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All Our Yesterdays

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The daughter of the middle-class family realizes how pitiful their preparations are and she asks the rich neighbors if she can shelter in their basement when necessary. It’s the elder son Ippolito who bears the brunt of his father’s tyranny, forced to assist him with his writing and various other tasks. It is the story of a family trying to piece itself together, against the backdrop of a country falling apart. Ginzburg is a unique voice and there’s a direct simplicity prose that makes her dry observations all the more riveting. But we can acknowledge that these yesterdays – which Ginzburg fictionalised, but which were lived by families across Europe and the world – are all of ours, and reverberate today as we face a fresh wave of political and social turmoil.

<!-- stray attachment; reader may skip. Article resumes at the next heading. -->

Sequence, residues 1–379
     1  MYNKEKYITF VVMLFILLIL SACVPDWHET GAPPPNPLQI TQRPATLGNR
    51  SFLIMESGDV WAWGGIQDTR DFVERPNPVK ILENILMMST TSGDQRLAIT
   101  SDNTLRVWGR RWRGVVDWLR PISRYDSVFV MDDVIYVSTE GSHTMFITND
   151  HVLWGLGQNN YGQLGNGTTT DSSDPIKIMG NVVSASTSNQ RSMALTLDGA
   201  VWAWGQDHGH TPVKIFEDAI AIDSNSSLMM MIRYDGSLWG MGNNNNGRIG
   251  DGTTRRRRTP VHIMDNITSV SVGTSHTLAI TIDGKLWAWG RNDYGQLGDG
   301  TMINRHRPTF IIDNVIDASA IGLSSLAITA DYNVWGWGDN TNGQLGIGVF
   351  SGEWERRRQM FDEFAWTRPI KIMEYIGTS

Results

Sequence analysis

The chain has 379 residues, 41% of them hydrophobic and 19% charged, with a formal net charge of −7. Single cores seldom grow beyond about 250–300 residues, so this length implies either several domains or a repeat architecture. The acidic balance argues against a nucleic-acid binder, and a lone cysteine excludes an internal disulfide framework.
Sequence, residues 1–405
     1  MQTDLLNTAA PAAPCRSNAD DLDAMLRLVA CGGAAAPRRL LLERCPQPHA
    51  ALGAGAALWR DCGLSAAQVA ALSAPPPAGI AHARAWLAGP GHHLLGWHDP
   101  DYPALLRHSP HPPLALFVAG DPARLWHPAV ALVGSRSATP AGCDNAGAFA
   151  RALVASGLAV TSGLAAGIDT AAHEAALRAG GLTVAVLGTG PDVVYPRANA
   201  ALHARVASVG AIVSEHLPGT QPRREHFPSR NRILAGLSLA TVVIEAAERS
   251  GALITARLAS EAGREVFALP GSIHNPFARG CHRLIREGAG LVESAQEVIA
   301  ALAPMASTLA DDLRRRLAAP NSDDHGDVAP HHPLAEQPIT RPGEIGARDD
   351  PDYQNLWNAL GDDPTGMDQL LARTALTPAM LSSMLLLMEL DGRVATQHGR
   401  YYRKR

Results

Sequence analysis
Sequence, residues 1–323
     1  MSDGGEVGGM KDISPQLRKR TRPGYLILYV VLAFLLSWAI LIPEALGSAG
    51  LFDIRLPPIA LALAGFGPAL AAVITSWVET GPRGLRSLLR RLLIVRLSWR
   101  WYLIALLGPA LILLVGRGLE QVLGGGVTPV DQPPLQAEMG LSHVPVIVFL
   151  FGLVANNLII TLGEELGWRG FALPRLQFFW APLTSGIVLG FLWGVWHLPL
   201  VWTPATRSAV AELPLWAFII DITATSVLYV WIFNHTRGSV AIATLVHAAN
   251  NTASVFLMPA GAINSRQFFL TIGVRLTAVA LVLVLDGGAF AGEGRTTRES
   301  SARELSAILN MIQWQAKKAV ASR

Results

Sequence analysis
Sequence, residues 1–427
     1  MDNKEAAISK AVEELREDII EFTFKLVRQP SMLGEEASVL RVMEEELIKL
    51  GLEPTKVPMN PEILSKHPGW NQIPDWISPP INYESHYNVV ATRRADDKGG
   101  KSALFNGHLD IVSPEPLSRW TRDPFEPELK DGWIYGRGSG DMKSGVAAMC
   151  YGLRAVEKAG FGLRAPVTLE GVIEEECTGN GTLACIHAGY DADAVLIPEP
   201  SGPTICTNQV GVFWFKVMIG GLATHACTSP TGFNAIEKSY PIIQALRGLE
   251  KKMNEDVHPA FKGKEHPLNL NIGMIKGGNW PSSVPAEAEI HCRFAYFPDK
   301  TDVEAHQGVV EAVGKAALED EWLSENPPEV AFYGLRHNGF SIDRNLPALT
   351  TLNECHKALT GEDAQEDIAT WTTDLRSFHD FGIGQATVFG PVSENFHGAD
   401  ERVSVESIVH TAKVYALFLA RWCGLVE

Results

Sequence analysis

If Braun seems to have no regret about the horrors he enacted, he is at least traumatised by the deaths of his wife and child, who were killed in Operation Gomorrah, the allied bombing of Hamburg in July 1943. Natalia Ginzburg's husband was tortured and murdered by the Gestapo; she was half Jewish and all her family and friends opposed the fascists. I will look forward to reading those novels to be sure, but this was my introduction to Natalia Ginzburg and I loved the book. It’s 1965 and Karl Braun – formerly Dr Otto Reitmüller – is living low in London, eking out a living as a piano tuner. But even now the style remains sober and business-like, in a continuous stream of relatively short sentences, descriptive, without dialogues, and again with subdued emotion; not even when really dramatic things happen towards the end of the war.A panoramic, richly satisfying story of two Italian families as their lives are inexorably shaped by the encroaching war … A terrific discovery. Ir nors autorės stilius patiko, visgi suvokiau, kad tema ne mano ir todėl negaliu dėt šios knygos prie favoričių lentynos – nieko labai blogo joje neradau, džiaugiausi vertimu ir gražia proza, bet kažko daugiau pasiimti irgi nepavyko. Initially Jews are taken out of the cities and sent to small towns in the south so they “can’t interfere with the war. Anna observes Ippolito and Emanuele having spirited, intense discussions furtively and they also bring Concettina’s suitor Danilo into their fold. But as readers, we have the chance to see a few of these people, under unimaginable pressure, with chaos and violence everywhere around them, responding with transcendent and unforgettable moral beauty.